Trish Rohrer, whose article on pets and euthanasia appearshere, writes, “We’ve become so used to the notion that when a pet is dying, you take it to the vet, have it put down, and then live in silent confusion about it for years afterwards. But why do we assume it’s okay to kill our pets when they’re dying? How often does someone euthanize an animal out of convenience, or because that person wants his or her own suffering to stop? Why would we think it’s compassionate to end life—especially the life of a being with no say in the matter—even at its most painful?”
Sandra Garson (“Food for Enlightenment”) remarks, “Eating is so basic, so taken for granted, that few of us are mindful of it. But as the Buddha acknowledged, without food there can be no precious human body. (What other vehicle is there to enlightenment?) It was thrilling to discover that Buddhism recognizes the importance of eating, and it’s a joy to share what I’ve begun to find out.” Garson, a freelance writer and editor, once studied the history of food at Radcliffe College.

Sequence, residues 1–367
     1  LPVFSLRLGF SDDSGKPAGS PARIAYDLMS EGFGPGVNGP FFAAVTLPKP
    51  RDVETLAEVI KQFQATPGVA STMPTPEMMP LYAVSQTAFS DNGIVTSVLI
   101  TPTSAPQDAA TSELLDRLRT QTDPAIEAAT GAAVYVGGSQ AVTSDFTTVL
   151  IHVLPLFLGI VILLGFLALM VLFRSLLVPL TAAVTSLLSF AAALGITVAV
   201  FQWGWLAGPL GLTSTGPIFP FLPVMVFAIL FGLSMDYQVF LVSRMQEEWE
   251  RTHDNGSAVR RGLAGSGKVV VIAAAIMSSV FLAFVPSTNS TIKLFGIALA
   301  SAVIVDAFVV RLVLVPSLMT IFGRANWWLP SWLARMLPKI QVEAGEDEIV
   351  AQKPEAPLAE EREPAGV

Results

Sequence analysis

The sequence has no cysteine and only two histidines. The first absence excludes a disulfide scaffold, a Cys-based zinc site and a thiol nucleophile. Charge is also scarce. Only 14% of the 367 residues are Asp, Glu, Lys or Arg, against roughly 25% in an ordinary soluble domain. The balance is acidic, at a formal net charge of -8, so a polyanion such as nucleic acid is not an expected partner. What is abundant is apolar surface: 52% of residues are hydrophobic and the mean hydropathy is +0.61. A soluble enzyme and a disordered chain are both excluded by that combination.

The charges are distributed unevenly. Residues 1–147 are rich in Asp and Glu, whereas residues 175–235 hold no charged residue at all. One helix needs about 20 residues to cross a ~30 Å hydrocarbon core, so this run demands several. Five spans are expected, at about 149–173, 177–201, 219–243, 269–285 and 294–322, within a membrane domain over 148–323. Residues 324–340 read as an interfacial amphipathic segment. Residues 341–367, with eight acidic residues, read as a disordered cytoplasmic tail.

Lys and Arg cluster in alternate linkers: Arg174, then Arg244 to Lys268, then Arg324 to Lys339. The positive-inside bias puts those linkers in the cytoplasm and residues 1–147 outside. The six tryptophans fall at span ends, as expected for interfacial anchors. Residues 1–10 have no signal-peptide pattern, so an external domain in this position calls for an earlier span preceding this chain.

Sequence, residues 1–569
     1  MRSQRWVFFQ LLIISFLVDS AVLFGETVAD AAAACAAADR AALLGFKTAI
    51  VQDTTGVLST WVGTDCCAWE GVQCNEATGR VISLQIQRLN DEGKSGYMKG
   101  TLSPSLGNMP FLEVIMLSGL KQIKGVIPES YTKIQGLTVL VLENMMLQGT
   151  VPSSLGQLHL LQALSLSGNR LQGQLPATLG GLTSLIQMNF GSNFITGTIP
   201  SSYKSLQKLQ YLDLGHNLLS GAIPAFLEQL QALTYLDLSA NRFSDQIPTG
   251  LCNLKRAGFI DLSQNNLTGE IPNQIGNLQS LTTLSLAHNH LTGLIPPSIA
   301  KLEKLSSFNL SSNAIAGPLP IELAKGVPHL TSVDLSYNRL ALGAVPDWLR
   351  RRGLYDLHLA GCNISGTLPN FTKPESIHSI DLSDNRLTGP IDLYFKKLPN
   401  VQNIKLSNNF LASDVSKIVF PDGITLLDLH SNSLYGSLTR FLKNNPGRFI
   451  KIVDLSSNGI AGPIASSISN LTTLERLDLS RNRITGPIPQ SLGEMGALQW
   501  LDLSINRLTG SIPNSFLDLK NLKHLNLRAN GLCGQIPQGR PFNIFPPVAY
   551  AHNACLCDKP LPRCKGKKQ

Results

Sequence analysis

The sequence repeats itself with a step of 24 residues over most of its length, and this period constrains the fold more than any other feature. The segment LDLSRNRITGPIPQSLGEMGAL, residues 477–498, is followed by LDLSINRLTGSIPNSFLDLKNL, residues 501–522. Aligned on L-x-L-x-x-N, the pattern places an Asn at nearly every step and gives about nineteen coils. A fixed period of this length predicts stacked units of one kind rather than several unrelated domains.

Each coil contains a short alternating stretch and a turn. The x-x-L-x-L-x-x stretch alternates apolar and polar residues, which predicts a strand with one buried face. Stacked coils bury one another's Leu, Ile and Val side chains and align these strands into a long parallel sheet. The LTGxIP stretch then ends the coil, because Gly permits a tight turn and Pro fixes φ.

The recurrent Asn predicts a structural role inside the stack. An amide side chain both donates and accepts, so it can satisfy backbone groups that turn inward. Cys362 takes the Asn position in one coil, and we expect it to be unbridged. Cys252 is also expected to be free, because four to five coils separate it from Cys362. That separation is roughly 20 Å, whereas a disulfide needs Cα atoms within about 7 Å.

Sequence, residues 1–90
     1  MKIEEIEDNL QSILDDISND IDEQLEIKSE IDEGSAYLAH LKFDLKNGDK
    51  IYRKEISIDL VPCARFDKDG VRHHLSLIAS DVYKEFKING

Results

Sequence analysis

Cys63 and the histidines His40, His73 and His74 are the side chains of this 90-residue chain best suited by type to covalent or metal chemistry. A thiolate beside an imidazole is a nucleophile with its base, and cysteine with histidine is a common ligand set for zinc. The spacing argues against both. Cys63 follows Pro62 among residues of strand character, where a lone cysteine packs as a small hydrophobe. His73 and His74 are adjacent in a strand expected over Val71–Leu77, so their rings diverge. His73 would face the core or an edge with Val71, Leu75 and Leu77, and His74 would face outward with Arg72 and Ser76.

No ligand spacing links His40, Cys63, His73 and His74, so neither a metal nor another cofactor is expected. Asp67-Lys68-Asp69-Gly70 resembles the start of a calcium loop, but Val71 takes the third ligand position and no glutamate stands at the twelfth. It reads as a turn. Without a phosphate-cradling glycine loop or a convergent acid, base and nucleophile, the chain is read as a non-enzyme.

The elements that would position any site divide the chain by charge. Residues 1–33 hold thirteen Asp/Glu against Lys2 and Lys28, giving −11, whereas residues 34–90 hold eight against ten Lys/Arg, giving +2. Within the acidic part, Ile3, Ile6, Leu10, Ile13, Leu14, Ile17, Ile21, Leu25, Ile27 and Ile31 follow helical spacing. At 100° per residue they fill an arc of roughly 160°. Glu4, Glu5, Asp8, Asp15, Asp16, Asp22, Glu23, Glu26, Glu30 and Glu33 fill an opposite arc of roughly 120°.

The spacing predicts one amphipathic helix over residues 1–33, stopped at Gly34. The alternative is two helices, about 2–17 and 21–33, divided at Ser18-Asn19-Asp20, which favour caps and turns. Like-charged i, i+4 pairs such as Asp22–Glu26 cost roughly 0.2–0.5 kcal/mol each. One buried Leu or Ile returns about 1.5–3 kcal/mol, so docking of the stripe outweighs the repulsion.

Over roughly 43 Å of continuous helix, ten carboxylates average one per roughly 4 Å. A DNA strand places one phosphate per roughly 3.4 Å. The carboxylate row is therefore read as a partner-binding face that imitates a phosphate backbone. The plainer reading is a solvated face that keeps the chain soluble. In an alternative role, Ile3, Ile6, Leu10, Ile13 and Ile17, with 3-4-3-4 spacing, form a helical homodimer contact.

Thomas Moore (“Zen Catholic”) grew up in a large Irish-Catholic family in Michigan. At thirteen he left home to enter a seminary, where he discovered his interest in musical composition and became a Servite, a member of the Catholic religious order founded in late medieval Italy. During the Vietnam War, he left the order to pursue studies in theology, religion, psychology, and the arts. Moore, a former professor of psychology, is the author of Care of the Soul, Original Self, and most recently, The Soul’s Religion. He lives in New Hampshire with his wife, son, and daughter.
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